azulejos between 1687 and 1698, allowing local workshops such as Gabriel del Barco to take
over production. These blue and white tiles quickly became the fashion and the last major
production from Holland was delivered in 1715.
The Dancing Lesson,
Holland, Willem van der
Kloet (1707). Blue-andwhite earthenware
Provenance: The Galvão
Mexia palace, Lisbon
MNAz invº 1680 Museu
Nacional do Azulejos.
Oriental and Indian Influences
By the 17th century motifs were inspired by works from the Orient and India. This is particularly
seen in azulejos used for altar decoration, which became common up until the 18th century, and
which imitated oriental fabrics (calico, chintz). Examples can be found in the Hospital de Sta.
Marta, Lisbon, or in the church of Almoster and the Convent of Buçaco.
Between 1650 and 1680 imported Indian printed textiles that displayed Hindu Symbols, flowers,
animals and birds became influential, and an azulejo composition, called "aves e ramagens"
('birds and branches'), became fashionable.
Indian patterns, Sintra Palace
Chapter 2: The Golden age of Production
The late 17th century and early 18th century are seen as a golden age in Portuguese tile
production with the appearance of the Cycle of Masters (Ciclo dos Mestres). A great demand for
Portuguese azulejos had been created both in Portugal and in her colonies, especially Brazil.
Mass production of simple repetitive patterns, largely baroque in style, supplanted large one-off
orders as churches, monasteries and houses were covered in azulejos designs*.
The Cycle of Masters
By the early 18th century tile painters became seen as artists and often signed their panels. In
reaction to the imports from Holland, a creative style of painting with a free and pictorial use of
engravings developed. This style of exuberant decoration was introduced by the Spaniard
Gabriel del Barco, active in Portugal towards the end of the 17th century, and quickly opened up
the market to a host of artists including António Pereira, Manuel dos Santos and the artist
identified only by the monogram PMP. Other important work was produced in the workshop of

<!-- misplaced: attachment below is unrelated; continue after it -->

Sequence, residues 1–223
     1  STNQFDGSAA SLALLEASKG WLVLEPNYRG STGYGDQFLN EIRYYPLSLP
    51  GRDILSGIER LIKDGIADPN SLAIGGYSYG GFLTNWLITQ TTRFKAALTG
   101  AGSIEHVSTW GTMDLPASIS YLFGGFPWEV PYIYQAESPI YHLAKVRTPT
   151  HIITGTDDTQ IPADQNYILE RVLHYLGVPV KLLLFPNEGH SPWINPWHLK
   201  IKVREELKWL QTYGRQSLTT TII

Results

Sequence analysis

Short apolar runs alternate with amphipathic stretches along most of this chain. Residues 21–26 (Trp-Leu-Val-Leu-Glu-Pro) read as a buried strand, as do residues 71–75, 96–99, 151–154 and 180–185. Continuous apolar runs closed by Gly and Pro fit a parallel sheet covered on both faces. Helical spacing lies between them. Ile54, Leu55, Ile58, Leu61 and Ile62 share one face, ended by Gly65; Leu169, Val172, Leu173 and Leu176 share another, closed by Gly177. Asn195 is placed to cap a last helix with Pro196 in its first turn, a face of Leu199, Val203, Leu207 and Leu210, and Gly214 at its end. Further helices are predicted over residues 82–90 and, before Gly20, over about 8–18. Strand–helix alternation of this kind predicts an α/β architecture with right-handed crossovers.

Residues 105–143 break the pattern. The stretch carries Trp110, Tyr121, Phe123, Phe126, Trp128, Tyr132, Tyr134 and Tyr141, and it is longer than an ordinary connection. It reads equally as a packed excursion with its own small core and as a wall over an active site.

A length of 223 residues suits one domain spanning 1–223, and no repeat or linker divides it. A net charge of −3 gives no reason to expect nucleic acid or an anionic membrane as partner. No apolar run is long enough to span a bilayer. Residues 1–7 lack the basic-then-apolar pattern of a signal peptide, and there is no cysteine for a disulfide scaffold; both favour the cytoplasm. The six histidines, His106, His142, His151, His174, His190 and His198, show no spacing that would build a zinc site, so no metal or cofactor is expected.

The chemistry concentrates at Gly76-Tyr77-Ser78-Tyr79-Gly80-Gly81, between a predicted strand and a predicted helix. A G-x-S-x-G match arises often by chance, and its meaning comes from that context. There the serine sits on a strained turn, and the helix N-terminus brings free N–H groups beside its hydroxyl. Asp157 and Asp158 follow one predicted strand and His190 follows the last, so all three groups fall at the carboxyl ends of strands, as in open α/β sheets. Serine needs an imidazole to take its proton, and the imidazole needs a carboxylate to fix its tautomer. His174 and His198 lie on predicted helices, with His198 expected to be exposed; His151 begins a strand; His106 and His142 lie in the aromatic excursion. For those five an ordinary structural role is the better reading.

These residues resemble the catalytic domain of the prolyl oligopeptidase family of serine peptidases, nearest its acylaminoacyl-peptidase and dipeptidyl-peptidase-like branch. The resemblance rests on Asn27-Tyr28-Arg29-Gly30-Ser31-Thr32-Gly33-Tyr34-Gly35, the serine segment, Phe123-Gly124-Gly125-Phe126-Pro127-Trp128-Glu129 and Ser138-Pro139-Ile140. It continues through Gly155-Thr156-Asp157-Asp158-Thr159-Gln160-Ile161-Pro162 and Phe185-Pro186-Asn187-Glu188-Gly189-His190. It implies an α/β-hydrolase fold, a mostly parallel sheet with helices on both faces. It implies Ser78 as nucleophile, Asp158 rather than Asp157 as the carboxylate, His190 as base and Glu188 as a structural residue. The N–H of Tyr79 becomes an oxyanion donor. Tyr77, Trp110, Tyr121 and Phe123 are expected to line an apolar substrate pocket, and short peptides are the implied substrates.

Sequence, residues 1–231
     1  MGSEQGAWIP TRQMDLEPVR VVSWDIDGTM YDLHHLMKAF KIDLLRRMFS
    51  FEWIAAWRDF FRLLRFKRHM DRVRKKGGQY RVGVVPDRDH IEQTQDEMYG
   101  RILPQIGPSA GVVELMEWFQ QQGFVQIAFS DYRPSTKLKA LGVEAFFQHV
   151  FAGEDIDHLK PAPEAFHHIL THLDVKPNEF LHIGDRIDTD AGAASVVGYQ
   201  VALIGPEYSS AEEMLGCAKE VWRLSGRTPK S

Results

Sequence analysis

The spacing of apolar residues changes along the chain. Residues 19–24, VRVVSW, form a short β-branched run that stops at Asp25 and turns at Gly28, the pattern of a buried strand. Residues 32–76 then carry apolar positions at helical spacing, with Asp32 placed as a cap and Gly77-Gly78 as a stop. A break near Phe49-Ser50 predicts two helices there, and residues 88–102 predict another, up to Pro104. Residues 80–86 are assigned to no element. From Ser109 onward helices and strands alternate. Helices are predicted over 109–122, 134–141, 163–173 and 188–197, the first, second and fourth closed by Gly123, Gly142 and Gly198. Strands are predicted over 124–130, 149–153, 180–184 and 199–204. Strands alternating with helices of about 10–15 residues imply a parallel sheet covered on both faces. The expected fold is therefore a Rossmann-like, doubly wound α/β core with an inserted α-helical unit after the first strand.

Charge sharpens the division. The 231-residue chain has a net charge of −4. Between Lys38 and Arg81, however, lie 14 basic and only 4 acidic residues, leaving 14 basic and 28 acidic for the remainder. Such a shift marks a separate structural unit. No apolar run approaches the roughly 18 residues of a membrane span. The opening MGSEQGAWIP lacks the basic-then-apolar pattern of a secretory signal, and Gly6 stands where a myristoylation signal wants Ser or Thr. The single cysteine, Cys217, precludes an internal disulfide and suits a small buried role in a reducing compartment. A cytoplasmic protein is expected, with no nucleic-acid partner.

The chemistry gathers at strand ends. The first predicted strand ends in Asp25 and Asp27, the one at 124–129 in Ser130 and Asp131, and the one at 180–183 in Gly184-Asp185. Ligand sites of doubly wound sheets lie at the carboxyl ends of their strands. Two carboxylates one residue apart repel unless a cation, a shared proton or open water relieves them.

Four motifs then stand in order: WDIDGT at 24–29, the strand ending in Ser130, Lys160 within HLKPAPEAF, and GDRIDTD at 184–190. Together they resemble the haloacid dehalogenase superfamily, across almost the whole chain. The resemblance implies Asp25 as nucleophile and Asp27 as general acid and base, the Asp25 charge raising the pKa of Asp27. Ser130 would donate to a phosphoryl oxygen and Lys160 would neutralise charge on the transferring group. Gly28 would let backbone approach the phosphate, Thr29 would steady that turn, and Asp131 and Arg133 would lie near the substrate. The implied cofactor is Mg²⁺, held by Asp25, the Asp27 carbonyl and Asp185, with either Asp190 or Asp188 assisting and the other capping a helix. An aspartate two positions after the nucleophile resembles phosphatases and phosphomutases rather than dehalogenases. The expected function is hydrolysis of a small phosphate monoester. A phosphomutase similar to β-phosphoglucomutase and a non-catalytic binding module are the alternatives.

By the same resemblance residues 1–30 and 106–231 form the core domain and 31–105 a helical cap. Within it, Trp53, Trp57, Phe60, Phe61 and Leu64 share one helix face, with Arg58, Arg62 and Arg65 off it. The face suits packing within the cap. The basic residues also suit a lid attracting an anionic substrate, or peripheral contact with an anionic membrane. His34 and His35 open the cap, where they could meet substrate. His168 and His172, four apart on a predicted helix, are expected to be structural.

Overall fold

Antonio de Oliveira Bernardes and his son Policarpo de Oliveira Bernardes who were
responsible for the most sophisticated figurative Portuguese tiles of this time*.
Mythological Scene, Gabriel del
Barco, c. 1695, MNA inv. 900.
photograph: José Pessoa (DDFIPM)
Quinta da Capela, Sintra, António de
Oliveira Bernardes, 1st quarter of the
XVIII century. photograph: Nicolas
Baths", Rua das Amoreiras,
Lisbon, António de Oliveira
Bernardes, 1st quarter of the XVIII
century. photograph: Nicolas
The continuation of the "Cycle of the Masters" throughout the 18th century can be seen in the
work of painters such as Nicolau de Freitas, Teotónio dos Santos and Valentim de Almeida.
The Joanine Style
The production of tiles during in this period falls under the reign of King João V (1706-1750) and
as such is called the Joanine style. This was a period of great tile production and witnessed the
creation of the largest number of historical panels constructed in Portugal. The majority of tiles
were reproduced with motifs like ‘albarradas’ (vases of flowers) and simplified scenes. The
decoration of the surrounding frames became increasingly important at this point. While
commissions from the church continued to demand religious themes, secular orders began to
employ more Baroque style mythological, hunting and war scenes alongside those of daily court
life*. A particular form of ‘welcoming figures’ (figura de convite) that were specific only to
Portugal developed during this time. The cut out life sized panels of tiles were placed in the
entrances of palaces, displaying figures of palace staff such as footmen, halberdiers, noblemen
and elegant ladies. An example of this can be seen at Palacio da Mitra*.
Palace, Santo Antão do
Tojal, c. 1730.photograph:
By the middle of the 18th century Portuguese society bore a taste for the French Rococo. These